Co-located schools offer challenges and benefits
- After she retires at the end of March, Carmen Fariña, the outgoing New York City schools chancellor, is taking a role directing the city’s Co-Located Campus Initiative, a program that helps school leaders better share campus space, Chalkbeat reports.
- Previous mayor Michael Bloomberg broke up large high schools across the city, creating 380 district schools that are co-located as clusters of smaller schools sharing the same buildings, and while the move has raised graduation rates, it has created a new set of problems on many campuses as schools with different initiative priorities and discipline practices vie for space and share access to specialized facilities.
- Under Fariña’s leadership, some of the smaller schools have closed, and she is encouraging schools to pool budgets, resources and staff members, in some cases, while maintaining individual school size so students have increased access to programs and opportunities that smaller schools can ill-afford on their own.
People living in rural school districts have a hard time envisioning a scenario in which several schools share one facility. However, in large cities, where real estate cost is high and population is dense, such situations do arise — in some cases resulting in different models of schools, like traditional and charter schools, sharing the same space. Creating smaller schools within a larger campus framework allows school leaders the opportunity to focus on the needs of fewer students and has produced increased graduation rates. However, it is inevitable that housing different schools with differing priorities and strategies within the same building will engender conflict at times.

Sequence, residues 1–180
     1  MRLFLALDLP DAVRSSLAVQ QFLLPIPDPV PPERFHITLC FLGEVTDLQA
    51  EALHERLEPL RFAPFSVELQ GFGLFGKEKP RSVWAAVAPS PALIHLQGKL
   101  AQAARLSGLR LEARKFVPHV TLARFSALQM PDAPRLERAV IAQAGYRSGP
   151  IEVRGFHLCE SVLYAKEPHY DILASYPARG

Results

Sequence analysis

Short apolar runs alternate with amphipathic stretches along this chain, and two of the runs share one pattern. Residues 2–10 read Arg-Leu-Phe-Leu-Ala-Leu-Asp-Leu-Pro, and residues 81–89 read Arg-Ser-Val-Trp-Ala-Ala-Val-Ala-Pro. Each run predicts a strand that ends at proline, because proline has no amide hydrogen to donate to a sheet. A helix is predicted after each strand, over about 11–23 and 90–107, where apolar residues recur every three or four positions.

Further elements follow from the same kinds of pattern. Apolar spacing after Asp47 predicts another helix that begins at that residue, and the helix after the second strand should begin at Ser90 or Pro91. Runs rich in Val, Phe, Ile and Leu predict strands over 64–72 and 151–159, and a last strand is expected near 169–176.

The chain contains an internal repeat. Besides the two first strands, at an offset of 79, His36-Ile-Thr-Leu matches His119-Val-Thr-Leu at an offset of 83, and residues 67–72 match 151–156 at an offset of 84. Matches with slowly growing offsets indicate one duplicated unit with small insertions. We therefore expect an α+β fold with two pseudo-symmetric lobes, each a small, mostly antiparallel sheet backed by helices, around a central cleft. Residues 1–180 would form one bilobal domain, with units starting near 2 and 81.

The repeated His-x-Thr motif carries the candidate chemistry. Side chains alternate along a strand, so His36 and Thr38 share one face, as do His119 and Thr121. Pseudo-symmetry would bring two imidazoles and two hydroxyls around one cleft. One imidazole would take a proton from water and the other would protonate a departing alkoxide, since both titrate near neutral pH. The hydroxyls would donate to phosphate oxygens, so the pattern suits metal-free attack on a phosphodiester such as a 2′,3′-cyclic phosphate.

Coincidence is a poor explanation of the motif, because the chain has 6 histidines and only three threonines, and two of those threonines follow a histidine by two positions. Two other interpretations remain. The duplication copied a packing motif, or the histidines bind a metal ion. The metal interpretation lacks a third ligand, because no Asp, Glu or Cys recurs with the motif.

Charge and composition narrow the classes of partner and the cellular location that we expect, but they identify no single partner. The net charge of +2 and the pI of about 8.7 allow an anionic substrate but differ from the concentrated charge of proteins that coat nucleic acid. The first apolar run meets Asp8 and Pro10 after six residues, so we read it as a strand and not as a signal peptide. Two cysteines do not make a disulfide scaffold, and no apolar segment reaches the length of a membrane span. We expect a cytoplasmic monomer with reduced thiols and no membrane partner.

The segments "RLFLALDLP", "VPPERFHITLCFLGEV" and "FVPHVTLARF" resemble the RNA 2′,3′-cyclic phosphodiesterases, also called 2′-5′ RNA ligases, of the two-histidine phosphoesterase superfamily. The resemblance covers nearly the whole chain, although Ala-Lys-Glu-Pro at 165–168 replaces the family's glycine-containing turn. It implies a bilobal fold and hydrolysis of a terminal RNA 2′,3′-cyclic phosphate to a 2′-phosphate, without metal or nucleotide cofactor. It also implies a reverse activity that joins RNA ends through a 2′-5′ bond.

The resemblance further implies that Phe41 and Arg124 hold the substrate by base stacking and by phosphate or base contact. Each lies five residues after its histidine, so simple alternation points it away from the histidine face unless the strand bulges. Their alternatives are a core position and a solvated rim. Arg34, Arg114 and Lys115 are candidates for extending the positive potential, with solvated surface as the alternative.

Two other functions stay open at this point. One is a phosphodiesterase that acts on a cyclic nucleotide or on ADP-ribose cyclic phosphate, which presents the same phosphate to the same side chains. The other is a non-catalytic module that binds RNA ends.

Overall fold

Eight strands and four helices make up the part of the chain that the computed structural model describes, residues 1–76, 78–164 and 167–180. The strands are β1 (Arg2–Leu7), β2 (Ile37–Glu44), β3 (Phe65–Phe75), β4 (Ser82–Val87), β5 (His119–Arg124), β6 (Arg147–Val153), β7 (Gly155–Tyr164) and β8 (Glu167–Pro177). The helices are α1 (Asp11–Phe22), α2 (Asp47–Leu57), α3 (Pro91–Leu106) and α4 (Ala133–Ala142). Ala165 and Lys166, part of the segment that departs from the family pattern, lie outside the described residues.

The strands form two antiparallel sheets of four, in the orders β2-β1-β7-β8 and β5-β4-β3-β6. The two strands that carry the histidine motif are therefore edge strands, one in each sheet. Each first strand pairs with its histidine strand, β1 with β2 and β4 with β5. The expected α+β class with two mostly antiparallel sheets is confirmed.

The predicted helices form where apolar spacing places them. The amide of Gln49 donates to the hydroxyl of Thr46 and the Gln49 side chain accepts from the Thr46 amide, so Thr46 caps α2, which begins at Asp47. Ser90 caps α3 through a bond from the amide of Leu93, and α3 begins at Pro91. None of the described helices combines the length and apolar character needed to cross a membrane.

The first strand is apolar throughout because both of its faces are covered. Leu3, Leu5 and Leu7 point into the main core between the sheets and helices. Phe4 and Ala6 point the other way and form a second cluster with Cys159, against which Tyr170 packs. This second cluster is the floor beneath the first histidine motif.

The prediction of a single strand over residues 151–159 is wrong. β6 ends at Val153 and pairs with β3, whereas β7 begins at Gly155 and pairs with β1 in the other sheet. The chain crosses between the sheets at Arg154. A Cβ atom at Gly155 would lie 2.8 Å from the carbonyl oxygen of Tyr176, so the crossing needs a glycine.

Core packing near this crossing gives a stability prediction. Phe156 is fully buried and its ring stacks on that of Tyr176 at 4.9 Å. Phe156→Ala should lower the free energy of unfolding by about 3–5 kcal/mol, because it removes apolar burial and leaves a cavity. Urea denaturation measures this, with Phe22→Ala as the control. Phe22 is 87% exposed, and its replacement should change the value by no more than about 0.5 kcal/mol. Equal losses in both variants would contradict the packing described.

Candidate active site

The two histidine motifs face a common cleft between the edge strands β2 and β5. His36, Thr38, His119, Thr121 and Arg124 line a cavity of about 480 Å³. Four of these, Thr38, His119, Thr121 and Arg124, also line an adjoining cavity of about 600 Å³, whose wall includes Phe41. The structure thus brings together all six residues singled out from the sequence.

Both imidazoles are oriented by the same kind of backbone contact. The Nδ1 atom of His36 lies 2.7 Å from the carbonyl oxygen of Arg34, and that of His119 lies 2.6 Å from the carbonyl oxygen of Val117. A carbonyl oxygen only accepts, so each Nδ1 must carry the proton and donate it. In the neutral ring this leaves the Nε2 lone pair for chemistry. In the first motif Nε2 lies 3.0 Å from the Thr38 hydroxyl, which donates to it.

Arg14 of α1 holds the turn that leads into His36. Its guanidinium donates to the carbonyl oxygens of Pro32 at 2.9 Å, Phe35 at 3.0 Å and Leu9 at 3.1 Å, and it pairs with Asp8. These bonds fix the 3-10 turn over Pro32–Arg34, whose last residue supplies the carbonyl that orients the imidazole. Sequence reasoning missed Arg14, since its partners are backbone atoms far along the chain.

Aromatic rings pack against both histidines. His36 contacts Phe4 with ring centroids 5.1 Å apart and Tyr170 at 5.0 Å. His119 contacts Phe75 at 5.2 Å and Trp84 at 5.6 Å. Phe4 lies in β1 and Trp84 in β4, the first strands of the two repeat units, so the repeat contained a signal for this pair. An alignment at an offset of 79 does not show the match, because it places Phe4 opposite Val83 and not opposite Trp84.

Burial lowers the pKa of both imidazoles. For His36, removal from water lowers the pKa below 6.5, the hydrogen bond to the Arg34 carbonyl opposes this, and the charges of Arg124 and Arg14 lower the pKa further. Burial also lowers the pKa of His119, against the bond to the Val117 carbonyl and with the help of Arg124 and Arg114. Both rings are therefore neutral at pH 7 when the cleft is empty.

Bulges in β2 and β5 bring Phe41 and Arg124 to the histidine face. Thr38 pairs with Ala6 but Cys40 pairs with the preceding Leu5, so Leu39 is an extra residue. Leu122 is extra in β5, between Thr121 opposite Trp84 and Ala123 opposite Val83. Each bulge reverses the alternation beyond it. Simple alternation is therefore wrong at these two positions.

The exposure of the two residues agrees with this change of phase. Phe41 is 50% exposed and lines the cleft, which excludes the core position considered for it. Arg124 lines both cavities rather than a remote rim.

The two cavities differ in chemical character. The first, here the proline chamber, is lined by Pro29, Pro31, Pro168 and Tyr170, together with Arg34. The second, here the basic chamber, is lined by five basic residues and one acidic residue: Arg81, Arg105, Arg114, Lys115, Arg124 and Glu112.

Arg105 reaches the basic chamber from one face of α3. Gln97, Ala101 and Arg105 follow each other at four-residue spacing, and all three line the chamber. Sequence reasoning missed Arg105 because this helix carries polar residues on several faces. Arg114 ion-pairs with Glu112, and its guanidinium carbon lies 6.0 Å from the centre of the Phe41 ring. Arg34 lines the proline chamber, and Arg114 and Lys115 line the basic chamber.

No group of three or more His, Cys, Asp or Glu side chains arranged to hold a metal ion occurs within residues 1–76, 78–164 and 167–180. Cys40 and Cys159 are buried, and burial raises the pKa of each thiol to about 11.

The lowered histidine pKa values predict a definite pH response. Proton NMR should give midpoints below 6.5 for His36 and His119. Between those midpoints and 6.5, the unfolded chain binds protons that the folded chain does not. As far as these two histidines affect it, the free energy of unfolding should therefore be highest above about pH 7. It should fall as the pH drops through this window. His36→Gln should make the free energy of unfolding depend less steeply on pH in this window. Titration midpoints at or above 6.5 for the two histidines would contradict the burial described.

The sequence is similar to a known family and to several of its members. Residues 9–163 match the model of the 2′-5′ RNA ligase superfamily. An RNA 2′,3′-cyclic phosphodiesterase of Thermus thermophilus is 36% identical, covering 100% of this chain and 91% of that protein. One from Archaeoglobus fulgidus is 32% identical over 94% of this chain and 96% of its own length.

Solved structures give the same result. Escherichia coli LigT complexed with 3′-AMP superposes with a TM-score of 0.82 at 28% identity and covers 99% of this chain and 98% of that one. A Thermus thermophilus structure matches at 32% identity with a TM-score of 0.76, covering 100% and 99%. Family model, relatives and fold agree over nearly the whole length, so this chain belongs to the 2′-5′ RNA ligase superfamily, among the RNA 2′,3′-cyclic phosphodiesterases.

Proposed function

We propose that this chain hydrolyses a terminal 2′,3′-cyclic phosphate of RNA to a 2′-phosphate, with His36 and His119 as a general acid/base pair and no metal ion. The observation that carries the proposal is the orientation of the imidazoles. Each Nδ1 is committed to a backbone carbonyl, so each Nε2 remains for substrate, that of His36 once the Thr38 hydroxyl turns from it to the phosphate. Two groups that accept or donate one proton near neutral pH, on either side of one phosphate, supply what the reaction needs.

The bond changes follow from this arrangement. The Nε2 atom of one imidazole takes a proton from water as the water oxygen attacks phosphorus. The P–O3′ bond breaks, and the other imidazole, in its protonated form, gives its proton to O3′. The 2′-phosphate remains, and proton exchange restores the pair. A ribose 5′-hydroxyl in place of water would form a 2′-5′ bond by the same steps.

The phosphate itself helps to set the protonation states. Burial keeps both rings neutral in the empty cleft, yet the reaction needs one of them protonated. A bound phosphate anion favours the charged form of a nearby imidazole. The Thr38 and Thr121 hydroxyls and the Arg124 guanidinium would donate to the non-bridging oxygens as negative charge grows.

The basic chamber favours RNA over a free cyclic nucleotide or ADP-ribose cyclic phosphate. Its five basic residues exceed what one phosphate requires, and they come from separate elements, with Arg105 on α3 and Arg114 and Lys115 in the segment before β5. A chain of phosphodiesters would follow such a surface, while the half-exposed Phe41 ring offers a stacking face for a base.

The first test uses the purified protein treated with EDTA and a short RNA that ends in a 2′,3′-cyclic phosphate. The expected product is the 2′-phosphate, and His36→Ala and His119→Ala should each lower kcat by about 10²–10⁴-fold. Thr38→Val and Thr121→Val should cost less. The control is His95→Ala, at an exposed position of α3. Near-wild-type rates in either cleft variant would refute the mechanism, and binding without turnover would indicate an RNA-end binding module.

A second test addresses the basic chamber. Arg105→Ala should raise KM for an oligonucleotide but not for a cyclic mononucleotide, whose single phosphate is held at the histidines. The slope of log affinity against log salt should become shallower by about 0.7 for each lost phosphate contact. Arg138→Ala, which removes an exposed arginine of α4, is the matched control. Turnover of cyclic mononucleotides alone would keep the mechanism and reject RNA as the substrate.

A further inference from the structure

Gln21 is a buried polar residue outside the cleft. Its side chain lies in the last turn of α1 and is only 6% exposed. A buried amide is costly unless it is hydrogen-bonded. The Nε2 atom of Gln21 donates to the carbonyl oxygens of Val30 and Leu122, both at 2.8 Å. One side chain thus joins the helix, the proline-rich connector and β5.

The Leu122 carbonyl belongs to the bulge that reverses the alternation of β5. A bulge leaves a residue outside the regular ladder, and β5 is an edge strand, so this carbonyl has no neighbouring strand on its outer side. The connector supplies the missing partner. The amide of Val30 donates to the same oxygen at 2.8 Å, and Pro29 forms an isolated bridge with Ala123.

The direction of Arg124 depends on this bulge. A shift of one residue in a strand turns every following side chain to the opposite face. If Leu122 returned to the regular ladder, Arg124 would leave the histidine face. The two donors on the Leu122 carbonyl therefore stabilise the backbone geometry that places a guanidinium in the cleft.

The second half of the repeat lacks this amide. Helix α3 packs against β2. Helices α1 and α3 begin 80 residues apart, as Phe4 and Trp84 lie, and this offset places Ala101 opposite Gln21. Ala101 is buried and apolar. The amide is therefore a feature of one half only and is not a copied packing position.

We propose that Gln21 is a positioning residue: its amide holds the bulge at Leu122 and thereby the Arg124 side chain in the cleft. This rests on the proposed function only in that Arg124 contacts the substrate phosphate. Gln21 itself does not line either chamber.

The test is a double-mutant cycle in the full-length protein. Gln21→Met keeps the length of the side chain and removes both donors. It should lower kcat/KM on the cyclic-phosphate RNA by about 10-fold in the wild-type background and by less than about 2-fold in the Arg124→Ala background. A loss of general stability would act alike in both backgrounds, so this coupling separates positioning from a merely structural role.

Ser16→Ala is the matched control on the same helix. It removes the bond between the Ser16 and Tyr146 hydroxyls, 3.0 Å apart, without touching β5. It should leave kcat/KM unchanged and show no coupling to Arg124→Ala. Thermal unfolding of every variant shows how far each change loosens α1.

There are, of course, other scenarios that cause different schools to co-locate on the same campus. In other locations across the country, schools have learned to share campus space because of a leaky roof, flooding and mold issues. In North Carolina, a new career-focused high school is in the process of being placed within an existing middle school in an effort to better utilize building space in an area with a shrinking population.
There are some advantages to sharing campus space. In fact, a study published in 2017 found that when traditional and charter schools share a building, all students benefit academically. However, co-location requires careful planning and clear-cut guidelines. New York’s new Co-located Campus Initiative is seeking ways to use shared campuses in a more effective way by sharing resources and increasing collaboration.